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What to visit / Interesting districts / Sant Andreu

Sant Andreu

Sant Andreu grew from a series of farmhouses built around the parish church of Sant Andreu del Palomar (which is still standing but was refurbished in the 19th century). It dates back more than a thousand years and is one of the traditional gateways to Barcelona which, for years, was home to factories and textile mills. It is also in the throes of transformation due to the laying of the track for the high-speed train, that will stop at Sagrera station. This major railway project has changed the urban layout of Sant Andreu and will redefine its role as one of the city's central areas.

You can still feel the small-village atmosphere in the Plaça del Mercadal and its surrounding area, and enjoy shopping in the bustling high street, the Carrer Gran de Sant Andreu. The district also has urban parks and state-of-the-art facilities that have been built on sites once occupied by large factories. This is the case of the Parc de La Pegaso and the Parc de La Maquinista and the old Fabra i Coats factory, which has been converted into a space for emerging artists.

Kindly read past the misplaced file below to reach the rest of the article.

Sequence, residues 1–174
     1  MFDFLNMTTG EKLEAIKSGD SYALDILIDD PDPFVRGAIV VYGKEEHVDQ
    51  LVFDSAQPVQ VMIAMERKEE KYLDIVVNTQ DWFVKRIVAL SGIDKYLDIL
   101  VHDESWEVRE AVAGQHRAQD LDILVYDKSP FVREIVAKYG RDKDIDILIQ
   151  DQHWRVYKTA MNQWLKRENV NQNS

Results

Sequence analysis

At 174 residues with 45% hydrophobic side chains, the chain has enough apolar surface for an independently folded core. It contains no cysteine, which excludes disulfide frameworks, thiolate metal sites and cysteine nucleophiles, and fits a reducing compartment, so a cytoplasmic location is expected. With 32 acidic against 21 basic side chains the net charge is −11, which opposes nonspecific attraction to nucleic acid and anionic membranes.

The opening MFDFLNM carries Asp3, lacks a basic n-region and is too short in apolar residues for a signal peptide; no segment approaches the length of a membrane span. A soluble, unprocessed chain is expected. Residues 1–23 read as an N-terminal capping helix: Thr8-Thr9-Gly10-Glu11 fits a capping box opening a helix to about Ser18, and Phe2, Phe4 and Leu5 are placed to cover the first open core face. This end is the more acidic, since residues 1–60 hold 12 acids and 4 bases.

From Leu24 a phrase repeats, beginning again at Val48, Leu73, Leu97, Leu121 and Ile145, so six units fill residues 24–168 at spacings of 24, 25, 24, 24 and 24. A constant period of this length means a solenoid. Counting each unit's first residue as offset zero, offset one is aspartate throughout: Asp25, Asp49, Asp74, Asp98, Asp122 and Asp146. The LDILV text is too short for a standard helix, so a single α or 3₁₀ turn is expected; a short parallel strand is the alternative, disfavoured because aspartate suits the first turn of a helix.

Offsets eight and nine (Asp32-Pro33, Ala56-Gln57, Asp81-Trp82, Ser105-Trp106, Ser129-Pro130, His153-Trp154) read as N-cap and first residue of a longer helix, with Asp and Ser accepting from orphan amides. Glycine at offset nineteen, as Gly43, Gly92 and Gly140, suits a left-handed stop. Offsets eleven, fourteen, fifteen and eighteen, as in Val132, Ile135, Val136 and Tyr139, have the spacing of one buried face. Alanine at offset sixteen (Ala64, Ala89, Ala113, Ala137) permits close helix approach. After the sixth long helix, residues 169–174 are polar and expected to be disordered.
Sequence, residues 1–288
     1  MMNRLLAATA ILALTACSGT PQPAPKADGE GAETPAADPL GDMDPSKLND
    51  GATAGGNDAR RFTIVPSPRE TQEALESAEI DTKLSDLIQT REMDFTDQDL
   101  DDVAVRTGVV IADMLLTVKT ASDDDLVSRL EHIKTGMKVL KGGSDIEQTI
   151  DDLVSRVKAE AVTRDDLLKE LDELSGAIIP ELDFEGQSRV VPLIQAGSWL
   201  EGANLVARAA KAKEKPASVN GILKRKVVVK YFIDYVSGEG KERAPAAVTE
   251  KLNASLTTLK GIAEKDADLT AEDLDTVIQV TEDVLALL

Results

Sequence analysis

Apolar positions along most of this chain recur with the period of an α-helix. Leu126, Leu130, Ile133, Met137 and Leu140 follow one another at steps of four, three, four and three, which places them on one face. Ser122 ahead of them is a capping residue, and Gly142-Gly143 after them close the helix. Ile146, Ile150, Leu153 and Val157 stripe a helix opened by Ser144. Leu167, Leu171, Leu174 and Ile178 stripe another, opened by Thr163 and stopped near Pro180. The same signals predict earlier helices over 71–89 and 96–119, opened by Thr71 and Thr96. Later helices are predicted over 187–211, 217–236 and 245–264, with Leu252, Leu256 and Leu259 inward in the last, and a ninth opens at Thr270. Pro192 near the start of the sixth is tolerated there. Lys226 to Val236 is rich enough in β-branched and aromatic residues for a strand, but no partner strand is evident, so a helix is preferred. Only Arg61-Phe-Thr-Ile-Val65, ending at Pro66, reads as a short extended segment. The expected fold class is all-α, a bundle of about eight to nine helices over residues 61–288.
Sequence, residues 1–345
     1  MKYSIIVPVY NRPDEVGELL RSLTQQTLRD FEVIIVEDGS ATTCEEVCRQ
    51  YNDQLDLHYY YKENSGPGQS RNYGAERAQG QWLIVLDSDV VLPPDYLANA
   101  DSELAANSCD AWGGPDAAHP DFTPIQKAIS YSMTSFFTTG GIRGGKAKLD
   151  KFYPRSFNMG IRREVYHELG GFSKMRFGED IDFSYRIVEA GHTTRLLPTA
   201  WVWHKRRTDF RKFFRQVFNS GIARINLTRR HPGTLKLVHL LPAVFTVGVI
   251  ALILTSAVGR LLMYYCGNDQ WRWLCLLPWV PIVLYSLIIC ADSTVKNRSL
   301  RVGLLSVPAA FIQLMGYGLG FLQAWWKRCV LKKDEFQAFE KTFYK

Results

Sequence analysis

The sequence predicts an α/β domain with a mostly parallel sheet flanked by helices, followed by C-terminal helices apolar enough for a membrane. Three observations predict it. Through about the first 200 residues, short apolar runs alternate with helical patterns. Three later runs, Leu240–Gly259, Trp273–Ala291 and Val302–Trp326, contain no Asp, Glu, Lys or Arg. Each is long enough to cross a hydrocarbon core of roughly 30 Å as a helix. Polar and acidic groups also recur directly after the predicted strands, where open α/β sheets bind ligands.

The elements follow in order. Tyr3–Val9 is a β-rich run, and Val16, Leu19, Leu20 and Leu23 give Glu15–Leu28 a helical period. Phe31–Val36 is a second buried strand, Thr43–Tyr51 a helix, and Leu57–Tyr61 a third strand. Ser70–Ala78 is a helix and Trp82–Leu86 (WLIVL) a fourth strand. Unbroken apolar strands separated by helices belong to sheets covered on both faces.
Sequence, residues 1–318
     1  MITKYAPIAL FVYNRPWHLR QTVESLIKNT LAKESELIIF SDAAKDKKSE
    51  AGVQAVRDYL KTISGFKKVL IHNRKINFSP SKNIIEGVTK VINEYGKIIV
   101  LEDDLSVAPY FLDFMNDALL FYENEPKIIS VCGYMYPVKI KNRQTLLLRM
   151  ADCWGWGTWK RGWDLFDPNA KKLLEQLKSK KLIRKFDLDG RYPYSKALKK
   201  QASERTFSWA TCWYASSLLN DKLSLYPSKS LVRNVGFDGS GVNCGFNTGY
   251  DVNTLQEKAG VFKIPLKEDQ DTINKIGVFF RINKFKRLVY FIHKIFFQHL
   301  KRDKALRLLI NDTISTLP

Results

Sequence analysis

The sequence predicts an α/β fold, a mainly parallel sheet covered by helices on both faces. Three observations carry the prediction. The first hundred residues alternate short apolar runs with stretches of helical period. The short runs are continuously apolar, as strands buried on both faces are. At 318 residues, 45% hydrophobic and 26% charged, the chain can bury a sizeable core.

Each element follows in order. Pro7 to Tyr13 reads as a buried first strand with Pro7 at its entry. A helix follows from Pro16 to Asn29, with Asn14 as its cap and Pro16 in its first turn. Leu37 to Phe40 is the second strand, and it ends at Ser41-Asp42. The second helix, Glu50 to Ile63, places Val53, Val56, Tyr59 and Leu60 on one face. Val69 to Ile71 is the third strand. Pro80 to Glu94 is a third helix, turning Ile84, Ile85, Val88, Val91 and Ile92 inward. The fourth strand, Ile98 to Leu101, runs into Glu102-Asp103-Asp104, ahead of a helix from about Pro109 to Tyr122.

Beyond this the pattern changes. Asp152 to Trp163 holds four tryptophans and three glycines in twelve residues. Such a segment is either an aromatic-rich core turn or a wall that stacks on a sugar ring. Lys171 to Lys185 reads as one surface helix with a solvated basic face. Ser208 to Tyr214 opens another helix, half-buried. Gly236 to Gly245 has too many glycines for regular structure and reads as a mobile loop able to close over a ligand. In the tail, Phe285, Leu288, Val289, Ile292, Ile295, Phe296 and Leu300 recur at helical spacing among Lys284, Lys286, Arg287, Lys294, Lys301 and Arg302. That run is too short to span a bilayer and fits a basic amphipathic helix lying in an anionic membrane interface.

An outstanding example of the district's architectural heritage is the Bac de Roda Bridge, the engineer and architect Santiago Calatrava's first foray into the world of bridge design. He designed this work in 1985 in his trademark style: curves, inspired by the lines of the human body, light colours and tensed cables on either side of a bridge adapted to vehicles as well as pedestrians. And another example is the Casa Bloc, a bold rationalist landmark: it was the first example of social housing for workers in Spain and combines 200 private duplex apartments with community gardens. The block was designed in 1932 on a z-shaped floor plan by the architects from the GATCPAC (Group of Catalan Architects and Technicians for the Progress of Contemporary Architecture), Josep Lluís Sert, Josep Torres i Clavé and Joan Baptista Subirana, and it became a benchmark for progressive architecture. Apartment 1/11 at the Casa Bloc has been converted into a museum so that visitors can find out about the structure and original appearance of the project.